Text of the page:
GERMANY is set to ban people who have not had their Covid jabs from shops, pubs and restaurants in what has been dubbed as a “lockdown for the unvaccinated”.
The draconian measures comes as Germany battles a record number of infections amid a fourth Covid wave, with intensive care units set to reach capacity by Christmas.
People in Germany who have shunned the Covid jab face being barred from going out to shops, pubs and restaurants[/caption]
The situation is so bad in Germany, patients are having to be flown to hospitals in other parts of the country[/caption]
Under emergency plans — the harshest yet to be imposed in Europe — there will be a blanket ban on entering bars, restaurants, theatres and cinemas for anyone who has not been vaccinated or recovered from Covid.
The unvaccinated would also be barred from Christmas markets and non-essential shops and only be able to socialise with a limited number of people.
German Chancellor Angela Merkel said the measures were necessary in light of concerns that hospitals could become overloaded with people suffering Covid-19 infections, which are more likely to be serious in those who haven’t been vaccinated.
She told reporters: “We have understood that the situation is very serious and that we want to take further measures in addition to those already taken.
“To do this, the fourth wave must be broken and this has not yet been achieved.”
Yesterday, Germany’s chancellor-in-waiting Olaf Scholz said he would like to see mandatory Covid vaccinations rolled out in Europe’s biggest country, beginning in “February or March”.
It comes after the discovery of a new, highly mutated, Omicron variant, first reported to the World Health Organisation (WHO) by South Africa on November 24, which has spread worldwide rapidly.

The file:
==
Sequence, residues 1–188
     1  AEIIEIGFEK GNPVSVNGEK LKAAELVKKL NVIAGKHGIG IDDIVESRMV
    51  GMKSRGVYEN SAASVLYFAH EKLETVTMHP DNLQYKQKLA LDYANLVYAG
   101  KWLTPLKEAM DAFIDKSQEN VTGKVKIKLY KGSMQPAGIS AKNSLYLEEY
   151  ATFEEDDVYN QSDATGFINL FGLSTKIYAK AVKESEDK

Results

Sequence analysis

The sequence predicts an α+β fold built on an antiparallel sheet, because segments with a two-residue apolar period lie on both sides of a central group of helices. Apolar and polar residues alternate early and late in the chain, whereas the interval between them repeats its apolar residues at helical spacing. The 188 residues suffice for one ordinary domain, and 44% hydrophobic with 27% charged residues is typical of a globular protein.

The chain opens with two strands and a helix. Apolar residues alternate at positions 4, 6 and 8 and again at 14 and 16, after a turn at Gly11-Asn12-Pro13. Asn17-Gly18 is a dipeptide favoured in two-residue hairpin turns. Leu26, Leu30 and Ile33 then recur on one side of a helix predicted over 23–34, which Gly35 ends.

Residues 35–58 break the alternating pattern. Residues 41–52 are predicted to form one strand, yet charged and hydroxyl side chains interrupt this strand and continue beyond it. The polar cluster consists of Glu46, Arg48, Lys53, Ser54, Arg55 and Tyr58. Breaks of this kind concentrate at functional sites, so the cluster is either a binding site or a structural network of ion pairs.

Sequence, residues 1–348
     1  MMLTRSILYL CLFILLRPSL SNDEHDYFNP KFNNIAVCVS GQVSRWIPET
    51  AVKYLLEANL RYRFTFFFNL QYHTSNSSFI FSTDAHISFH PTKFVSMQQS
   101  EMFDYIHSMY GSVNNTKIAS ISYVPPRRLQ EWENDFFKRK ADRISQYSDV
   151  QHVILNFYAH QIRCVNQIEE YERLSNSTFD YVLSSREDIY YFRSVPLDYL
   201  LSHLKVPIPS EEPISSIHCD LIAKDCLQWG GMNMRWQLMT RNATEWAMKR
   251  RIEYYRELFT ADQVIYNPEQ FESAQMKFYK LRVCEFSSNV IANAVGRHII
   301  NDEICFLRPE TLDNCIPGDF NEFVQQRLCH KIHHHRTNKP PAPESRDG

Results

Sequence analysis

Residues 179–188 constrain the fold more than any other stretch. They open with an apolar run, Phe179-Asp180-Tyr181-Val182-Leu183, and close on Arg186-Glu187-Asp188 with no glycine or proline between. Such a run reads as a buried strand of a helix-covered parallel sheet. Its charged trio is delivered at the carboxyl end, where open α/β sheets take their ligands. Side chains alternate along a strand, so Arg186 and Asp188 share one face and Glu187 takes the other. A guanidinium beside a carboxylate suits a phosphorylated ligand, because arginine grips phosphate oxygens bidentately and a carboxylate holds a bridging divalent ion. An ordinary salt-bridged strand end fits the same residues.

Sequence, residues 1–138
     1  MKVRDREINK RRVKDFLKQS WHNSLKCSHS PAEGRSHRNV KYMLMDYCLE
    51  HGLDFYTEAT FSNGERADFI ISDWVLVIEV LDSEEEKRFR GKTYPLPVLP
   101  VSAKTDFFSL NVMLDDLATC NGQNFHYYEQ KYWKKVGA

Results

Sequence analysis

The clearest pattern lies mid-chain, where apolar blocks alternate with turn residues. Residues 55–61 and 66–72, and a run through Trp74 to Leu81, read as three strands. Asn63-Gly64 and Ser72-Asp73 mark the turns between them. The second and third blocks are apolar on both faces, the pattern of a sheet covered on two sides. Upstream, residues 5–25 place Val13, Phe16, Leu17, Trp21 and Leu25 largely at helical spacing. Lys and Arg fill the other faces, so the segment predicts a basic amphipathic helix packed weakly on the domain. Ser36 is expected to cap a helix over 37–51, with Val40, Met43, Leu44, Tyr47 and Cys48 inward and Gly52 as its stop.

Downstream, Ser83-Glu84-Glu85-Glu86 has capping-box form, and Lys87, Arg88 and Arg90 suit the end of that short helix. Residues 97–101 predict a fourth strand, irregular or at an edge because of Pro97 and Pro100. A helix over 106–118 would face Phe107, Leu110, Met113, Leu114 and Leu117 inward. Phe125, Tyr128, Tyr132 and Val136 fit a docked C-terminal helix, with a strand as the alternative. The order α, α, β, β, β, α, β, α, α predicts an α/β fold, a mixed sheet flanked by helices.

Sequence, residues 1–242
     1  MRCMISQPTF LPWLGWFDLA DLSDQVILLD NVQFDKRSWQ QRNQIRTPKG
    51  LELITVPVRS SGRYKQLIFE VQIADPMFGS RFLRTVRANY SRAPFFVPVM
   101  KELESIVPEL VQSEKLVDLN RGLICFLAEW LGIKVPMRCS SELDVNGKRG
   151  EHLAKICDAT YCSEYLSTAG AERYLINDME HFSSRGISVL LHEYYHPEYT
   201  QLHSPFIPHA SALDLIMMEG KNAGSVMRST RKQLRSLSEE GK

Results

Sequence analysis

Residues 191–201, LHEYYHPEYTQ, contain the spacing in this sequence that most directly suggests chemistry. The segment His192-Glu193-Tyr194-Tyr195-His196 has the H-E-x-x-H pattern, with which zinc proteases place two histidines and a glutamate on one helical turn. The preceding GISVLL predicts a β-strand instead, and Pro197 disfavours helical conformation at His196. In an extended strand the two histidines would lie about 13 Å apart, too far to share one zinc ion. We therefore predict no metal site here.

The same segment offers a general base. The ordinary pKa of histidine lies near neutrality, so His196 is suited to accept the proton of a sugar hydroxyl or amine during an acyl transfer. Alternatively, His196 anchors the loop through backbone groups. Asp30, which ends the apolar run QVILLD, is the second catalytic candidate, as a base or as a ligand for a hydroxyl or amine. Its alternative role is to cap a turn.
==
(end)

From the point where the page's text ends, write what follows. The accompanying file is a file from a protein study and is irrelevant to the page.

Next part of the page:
It is feared Omicron could cause over half of Europe’s Covid cases in the “next few months”.
More than two dozen countries and territories have now detected cases, extending to India on today and the United States yesterday, among the countries hardest hit by the coronavirus pandemic since it first emerged nearly two years ago.
The WHO has cautioned that it could take weeks to discover if Omicron is more transmissible, and whether it causes more severe disease — as well as how effective current treatments and vaccines are against it.
But its detection and spread represent a fresh challenge to global efforts to battle the pandemic with several nations already re-imposing restrictions many had hoped were a thing of the past.
People who have not been vaccinated are set to be banned from Germany’s iconic Christmas markets[/caption]
Compared to other European countries, Germany has had a low uptake in the Covid vaccination[/caption]
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